Thus she had planned her campaign and carefully dressed herself in anticipation of Arthur's call when his note came canceling the engagement. After rereading his lame excuse she sat down in a quiet corner and began to think. The first gun had been fired, the battle was on, and like a wise general she carefully marshaled her forces for combat.
An hour or two later she turned to her telephone book and called up the Merrick establishment. A voice, that of a maid, evidently, answered her.
"I wish to speak with Miss Merrick," said Diana.
Louise, annoyed at being disturbed, left Arthur's side to respond to the call.
"Who is it, please?" she asked.
"Is Mr. Weldon still there, or has he gone?" enquired Diana, disguising her voice and speaking imperatively.. "Why, he's still here," answered bewildered Louise; "but who is talking, please?"
"Do you wish to speak with Mr. Weldon?" continued the girl, mystified at such an odd procedure.
Diana hung up her receiver, severing the connection. The click of the instrument assured Louise there was no use in waiting longer, so she returned to Arthur. She could not even guess who had called her. Arthur could, though, when he had heard her story, and Diana's impudent meddling made him distinctly uneasy. He took care not to enlighten Louise, and the incident was soon forgotten by her.
"It proved just as I expected," mused Diana, huddled in her reclining' chair. "The fool has thrown me over to go to her. But this is not important. With the situation so clearly defined I shall know exactly what I must do to protect my own interests."
Mr. Von Taer was away from home that Sunday afternoon, and would not return until a late hour. Diana went to the telephone again and after several unsuccessful attempts located her cousin, Mr. Charles Connoldy Mershone, at a club.
"It's Diana," she said, when at last communication was established. "I want you to come over and see me; at once."
"You'll have to excuse me, Di," was the answer. "I was unceremoniously kicked out the last time, you know."
"Father's away. It's all right, Charlie. Come along."
"Can't see it, my fair cousin. You've all treated me like a bull-pup, and I'm not anxious to mix up with that sort of a relationship. Anything more? I'm going to play pool to win my dinner."
"Funds running low, Charlie?"
"Worse than that; they're invisible."
"Then pay attention. Call a taxi at once, and get here as soon as you can. I'll foot the bill—and any others that happen to be bothering you."
A low, surprised whistle came over the wire.
"What's up, Di?" he asked, with new interest.
"Come and find out."
"Can I be useful?"
"Assuredly; to yourself."
"All right; I'm on the way."
He hung up, and Diana gave a sigh of content as she slowly returned to her den and the easy chair, where Mr. Mershone found her "coiled" some half hour later.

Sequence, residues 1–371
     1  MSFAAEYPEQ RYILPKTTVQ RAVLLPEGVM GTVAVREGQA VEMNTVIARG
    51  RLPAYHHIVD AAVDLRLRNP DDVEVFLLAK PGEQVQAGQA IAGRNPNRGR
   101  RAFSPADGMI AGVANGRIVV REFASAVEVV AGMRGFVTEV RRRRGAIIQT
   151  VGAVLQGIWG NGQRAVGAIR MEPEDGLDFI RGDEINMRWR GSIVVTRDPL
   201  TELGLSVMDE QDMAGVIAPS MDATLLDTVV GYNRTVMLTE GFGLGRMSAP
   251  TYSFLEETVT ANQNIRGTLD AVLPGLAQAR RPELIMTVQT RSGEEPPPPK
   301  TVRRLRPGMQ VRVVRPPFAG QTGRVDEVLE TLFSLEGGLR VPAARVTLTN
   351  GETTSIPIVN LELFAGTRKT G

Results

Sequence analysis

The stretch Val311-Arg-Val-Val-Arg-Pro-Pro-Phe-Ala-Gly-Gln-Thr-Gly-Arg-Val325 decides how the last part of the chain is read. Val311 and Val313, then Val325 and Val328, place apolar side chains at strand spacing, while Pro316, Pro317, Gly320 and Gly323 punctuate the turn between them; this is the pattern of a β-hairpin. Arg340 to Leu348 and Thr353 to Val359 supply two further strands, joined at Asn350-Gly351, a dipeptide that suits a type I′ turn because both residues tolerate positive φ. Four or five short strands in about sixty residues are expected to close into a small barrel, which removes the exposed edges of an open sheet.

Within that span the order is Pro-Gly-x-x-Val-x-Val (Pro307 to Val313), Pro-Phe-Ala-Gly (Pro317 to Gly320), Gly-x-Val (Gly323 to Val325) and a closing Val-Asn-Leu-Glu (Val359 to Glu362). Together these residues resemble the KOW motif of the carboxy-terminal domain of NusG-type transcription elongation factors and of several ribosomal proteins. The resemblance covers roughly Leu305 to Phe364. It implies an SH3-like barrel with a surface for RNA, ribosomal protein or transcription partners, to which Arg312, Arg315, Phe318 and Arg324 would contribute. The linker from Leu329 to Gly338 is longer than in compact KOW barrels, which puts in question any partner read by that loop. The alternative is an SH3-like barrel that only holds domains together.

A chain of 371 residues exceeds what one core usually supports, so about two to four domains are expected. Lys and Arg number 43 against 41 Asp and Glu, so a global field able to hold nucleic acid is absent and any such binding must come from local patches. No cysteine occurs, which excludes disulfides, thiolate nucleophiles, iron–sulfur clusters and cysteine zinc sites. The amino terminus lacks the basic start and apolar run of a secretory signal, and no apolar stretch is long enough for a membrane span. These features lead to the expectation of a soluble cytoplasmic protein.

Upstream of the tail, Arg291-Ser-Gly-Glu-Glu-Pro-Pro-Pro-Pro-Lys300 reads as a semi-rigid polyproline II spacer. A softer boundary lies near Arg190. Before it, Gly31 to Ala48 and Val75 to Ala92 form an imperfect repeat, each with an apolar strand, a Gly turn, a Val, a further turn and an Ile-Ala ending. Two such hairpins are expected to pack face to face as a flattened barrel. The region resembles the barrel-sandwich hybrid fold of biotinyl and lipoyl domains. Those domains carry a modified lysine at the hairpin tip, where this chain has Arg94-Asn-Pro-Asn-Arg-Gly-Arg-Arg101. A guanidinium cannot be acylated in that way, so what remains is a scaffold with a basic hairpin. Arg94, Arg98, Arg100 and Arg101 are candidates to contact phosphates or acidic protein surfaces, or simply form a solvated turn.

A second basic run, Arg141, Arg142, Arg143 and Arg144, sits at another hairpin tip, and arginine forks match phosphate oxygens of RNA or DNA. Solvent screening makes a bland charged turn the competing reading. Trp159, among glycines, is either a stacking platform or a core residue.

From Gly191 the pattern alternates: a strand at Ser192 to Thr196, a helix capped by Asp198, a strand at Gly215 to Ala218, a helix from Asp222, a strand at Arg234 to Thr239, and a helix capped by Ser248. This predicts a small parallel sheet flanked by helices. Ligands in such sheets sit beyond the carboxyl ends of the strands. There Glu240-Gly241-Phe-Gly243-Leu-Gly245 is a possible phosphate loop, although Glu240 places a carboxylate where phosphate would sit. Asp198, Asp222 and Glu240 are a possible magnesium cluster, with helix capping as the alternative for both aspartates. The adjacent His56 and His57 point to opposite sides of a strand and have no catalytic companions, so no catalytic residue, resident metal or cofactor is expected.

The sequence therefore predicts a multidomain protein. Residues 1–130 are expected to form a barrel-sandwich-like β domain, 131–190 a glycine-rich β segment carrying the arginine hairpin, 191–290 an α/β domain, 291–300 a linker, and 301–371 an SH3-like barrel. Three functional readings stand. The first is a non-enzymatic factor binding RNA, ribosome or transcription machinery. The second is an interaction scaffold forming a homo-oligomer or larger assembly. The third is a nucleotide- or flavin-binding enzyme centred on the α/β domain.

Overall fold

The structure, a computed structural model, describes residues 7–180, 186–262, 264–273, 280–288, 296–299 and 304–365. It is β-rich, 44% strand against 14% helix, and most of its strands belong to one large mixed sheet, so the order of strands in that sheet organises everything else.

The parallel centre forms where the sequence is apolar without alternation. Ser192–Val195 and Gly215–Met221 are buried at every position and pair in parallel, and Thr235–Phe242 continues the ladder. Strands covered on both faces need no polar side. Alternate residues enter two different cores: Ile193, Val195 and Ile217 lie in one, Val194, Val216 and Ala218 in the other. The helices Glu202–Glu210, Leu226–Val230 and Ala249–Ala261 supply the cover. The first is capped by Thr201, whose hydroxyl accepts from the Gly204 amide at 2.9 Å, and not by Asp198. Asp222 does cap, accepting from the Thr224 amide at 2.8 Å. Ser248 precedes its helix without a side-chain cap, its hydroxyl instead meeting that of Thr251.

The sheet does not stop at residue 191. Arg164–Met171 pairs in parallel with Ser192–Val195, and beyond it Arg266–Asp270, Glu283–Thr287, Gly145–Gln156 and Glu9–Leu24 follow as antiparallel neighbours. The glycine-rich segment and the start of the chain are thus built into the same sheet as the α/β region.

"This is a queer go," said the young man, taking a seat and glancing around with knitted brows. "It isn't so long since dear Uncle Hedrik tumbled me out of here neck and crop; and now Cousin Diana invites me to return."
At first glance young Mershone seemed an attractive young fellow, tall, finely formed and well groomed. But his eyes were too close together and his handsome features bore unmistakable marks of dissipation.
"You disgraced us a year or so ago, Charlie," said Diana, in her soft, quiet accents, "and under such circumstances we could not tolerate you. You can scarcely blame us for cutting your acquaintance. But now—"
"Well, now?" he enquired coolly, trying to read her impassive face.
"I need the services of just such an unscrupulous and clever individual as you have proven yourself to be. I'm willing to pay liberally for those services, and you doubtless need the money. Are we allies, then?"
Mershone laughed, with little genuine mirth.
"Of course, my dear cousin," he responded; "provided you propose any legal villainy. I'm not partial to the police; but I really need the money, as you suggest."
"And you will be faithful?" she asked, regarding him doubtfully.
"To the cause, you may be sure. But understand me: I balk at murder and burglary. Somehow, the police seem to know me. I'll not do anything that might lead to a jail sentence, because there are easier ways to get money. However, I don't imagine your proposed plan is very desperate, Diana; it's more liable to be dirty work. Never mind; you may command me, my dear cousin—if the pay is ample."
"The pay will be ample if you succeed," she began.
"I don't like that. I may not succeed."
"Listen to me, Charlie. Do you know Arthur Weldon?"
"Slightly; not very well."
"I intend to marry him. He has paid me marked attentions in the past; but now—he—"
"Wants to slip the leash. Quite natural, my dear."
"He has become infatuated with another girl; a light-headed, inexperienced little thing who is likely to marry the first man who asks her. She is very rich—in her own right, too—and her husband will be a fortunate man."
Mershone stared at her. Then he whistled, took a few turns up and down the room, and reseated himself.
"Evidently!" he ejaculated, lighting a cigarette without permission and then leaning back thoughtfully in his chair.
"Charlie," continued Diana, "you may as well marry Louise Merrick and settle down to a life of respectability. You've a dashing, masterful way which no girl of her sort can long resist. I propose that you make desperate love to Louise Merrick and so cut Arthur Weldon out of the deal entirely. My part of the comedy will be to attract him to my side again. Now you have the entire proposition in a nutshell."